"The border city of El Paso, Texas, used to have extremely high rates of violent crime — one of the highest in the country, and [was] considered one of our nation's most dangerous cities," Trump claimed in his State of the Union address last week. "Now, with a powerful barrier in place, El Paso is one of our safest cities. Simply put, walls work, and walls save lives."
This may be a compelling argument, but the facts don't support it. As is the case across the country, violent crime has markedly declined in El Paso for decades after peaking in the early 1990s. It was already historically low when Congress approved new border wall construction in 2006 and when new barriers were built in El Paso in 2008 and 2009. In fact, NBC reports, violent crime in the city actually increased during and after those years of wall construction.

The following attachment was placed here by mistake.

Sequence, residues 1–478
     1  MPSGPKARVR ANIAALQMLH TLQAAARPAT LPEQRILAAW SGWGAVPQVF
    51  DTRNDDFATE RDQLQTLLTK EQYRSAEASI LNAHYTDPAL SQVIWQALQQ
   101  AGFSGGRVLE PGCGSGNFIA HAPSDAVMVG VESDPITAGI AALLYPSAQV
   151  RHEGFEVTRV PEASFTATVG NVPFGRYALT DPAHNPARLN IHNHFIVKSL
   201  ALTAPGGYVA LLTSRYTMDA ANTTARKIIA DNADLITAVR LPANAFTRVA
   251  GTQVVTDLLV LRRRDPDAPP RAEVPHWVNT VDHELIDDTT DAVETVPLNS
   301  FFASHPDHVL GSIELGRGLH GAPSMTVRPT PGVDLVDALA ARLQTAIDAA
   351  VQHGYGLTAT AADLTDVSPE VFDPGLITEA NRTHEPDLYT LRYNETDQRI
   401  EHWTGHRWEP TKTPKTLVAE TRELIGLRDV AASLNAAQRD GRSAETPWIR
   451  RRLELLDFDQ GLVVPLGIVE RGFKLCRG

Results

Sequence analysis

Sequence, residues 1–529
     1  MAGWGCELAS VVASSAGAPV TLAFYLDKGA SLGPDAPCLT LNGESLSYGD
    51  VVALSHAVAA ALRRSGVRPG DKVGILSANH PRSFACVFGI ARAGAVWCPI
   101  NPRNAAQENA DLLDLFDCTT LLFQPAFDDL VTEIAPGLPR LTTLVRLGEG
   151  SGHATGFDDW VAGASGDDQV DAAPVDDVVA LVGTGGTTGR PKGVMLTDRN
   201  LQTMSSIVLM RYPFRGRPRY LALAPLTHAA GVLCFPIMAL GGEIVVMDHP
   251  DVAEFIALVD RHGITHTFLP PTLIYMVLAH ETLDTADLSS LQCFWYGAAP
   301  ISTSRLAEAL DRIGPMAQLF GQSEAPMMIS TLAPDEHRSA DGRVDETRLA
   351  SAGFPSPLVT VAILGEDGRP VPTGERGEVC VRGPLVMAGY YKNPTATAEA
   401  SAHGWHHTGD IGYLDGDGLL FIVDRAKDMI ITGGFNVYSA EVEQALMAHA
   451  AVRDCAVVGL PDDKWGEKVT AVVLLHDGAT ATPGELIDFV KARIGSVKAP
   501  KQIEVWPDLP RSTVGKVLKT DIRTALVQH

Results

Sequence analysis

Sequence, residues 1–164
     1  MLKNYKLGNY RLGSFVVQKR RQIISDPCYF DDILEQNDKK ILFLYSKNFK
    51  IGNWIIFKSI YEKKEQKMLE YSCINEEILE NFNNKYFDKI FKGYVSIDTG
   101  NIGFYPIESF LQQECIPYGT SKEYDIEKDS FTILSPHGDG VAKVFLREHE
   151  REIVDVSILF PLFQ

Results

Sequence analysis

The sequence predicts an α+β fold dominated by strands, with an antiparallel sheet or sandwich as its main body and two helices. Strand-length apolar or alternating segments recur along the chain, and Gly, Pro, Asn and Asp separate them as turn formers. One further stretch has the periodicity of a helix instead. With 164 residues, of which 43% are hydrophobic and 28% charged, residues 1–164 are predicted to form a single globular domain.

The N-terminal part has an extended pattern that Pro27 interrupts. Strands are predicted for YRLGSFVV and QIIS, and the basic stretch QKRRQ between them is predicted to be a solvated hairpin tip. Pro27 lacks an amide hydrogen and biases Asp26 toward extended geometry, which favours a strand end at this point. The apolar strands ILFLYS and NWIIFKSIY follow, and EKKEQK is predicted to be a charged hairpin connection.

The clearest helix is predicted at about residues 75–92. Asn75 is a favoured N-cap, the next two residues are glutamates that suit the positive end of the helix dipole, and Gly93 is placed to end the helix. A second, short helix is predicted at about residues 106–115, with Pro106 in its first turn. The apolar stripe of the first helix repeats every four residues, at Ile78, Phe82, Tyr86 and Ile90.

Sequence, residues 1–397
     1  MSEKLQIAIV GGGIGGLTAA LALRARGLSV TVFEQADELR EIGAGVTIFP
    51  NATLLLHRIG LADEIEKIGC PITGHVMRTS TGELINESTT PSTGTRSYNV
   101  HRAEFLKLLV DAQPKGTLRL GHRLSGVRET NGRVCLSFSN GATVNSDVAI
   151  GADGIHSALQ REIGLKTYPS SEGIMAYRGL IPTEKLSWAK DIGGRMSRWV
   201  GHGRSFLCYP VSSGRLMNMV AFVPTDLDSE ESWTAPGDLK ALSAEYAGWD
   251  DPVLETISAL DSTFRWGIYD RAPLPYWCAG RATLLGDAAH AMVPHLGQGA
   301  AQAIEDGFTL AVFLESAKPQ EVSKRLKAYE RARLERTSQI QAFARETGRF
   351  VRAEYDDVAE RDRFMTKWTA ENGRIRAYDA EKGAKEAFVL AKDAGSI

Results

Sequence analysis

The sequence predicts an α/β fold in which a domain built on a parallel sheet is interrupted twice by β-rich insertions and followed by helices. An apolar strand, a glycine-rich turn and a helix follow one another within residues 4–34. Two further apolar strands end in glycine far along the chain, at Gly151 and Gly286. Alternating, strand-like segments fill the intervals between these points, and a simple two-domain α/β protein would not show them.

Speaking on CNN Saturday evening, El Paso Mayor Dee Margo (R) said Trump must have been given "misinformation" for his SOTU claim about El Paso's past crime rates, because it was "not factually correct." Should Trump repeat his claim at the rally, Margo said, he would "absolutely" correct him.